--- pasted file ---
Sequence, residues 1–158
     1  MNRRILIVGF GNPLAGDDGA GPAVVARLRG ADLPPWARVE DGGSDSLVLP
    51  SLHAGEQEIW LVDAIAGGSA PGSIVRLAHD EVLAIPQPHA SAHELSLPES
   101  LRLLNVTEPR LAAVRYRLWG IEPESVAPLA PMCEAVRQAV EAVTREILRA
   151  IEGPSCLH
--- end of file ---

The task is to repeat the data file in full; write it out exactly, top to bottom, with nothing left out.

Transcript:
Sequence, residues 1–158
     1  MNRRILIVGF GNPLAGDDGA GPAVVARLRG ADLPPWARVE DGGSDSLVLP
    51  SLHAGEQEIW LVDAIAGGSA PGSIVRLAHD EVLAIPQPHA SAHELSLPES
   101  LRLLNVTEPR LAAVRYRLWG IEPESVAPLA PMCEAVRQAV EAVTREILRA
   151  IEGPSCLH